Sustainable Development Goal 2: Zero Hunger

Sustainable Development Goal 2 aims to end hunger and all forms of malnutrition. It also commits to universal access to safe, nutritious and sufficient food throughout the year. This require sustainable food production systems and resilient agricultural practices, equal access to land, technology and markets, and international cooperation on investments in infrastructure and technology to boost agricultural productivity.

Space technologies are key to:

  • Optimising crop productivity through informed management process and increased efficiency in the use of existing resources, including land, seeds, fertilisers, plant protection agents and water
  • Improving livestock management through enhanced monitoring and identification of suitable grazing

Space for Agriculture and Food Security .


The Space-based technologies offer tools to help in a wide spectrum of agricultural activities, ranging from monitoring of crops, livestock and forestry, to fisheries and aquaculture. They are essential for supporting farmers, fisherfolk, foresters and policymakers in the decision-making process, by enabling timely and effective response to adverse weather conditions, droughts, floods, desertification and land degradation, vegetation fires and disasters triggered by natural phenomena. Among such technologies, remote sensing satellites provide key data for monitoring soil, snow cover, drought and crop development. Furthermore, rainfall assessments from satellites help farmers plan the timing and amount of irrigation necessary for their crops.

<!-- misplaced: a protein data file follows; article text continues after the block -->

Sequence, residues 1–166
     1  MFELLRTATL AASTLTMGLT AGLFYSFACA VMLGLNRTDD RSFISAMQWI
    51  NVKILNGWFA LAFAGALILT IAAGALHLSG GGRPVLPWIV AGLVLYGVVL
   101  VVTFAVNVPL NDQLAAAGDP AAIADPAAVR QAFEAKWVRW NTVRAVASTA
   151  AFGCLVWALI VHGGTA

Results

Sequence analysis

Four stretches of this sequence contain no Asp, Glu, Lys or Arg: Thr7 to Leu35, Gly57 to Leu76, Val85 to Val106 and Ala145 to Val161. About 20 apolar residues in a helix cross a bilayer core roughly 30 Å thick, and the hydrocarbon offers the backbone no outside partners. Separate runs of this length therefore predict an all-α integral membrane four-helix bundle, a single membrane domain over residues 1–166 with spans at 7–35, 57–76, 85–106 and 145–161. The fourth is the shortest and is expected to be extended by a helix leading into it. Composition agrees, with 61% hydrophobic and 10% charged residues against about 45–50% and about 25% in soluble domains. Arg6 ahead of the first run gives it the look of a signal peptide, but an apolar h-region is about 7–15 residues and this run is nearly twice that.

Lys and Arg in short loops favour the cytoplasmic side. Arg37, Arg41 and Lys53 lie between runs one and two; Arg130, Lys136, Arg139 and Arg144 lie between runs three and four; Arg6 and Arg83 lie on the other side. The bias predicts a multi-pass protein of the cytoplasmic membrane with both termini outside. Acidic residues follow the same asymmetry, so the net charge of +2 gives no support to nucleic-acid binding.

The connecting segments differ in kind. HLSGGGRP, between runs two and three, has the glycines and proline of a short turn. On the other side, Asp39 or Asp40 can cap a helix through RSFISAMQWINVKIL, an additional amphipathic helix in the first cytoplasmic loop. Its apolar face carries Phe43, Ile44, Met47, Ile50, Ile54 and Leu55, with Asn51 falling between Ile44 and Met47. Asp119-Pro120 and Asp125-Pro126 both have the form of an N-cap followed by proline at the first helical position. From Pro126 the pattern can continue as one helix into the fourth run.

The Space for Agriculture Development and Food Security Report (2016), produced by the UN Inter-Agency Meeting on Outer Space Activities ( UN-Space ), led by UNOOSA, features how space-based technologies are used for supporting decision-making in the fields of agriculture and food security and for overcoming challenges posed to future prosperity, security and the well-being of all humankind.

UNOOSA and FAO in Sierra Leone


In 2017, heavy rainfall caused deadly flooding and mudslides in and around the capital of Sierra Leone, Freetown. The cascading aftereffects of the rainfall, peaking with the collapse of a hillside, resulted in hundreds of casualties. In response, UNOOSA, with the collaboration of the Food and Agriculture Organization of the United Nations (FAO), requested the provision of satellite imagery of the incident through the activation of the European Commission Copernicus Emergency Mapping Service and initiated the activation of the International Charter Space and Major Disaster. The maps that were created provided an invaluable tool for local organizations to plan their response, offering access to information like the type of landslide, the exact extend of mud flow, the number of buildings, roads and infrastructure affected, and the number of people that may have been impacted.

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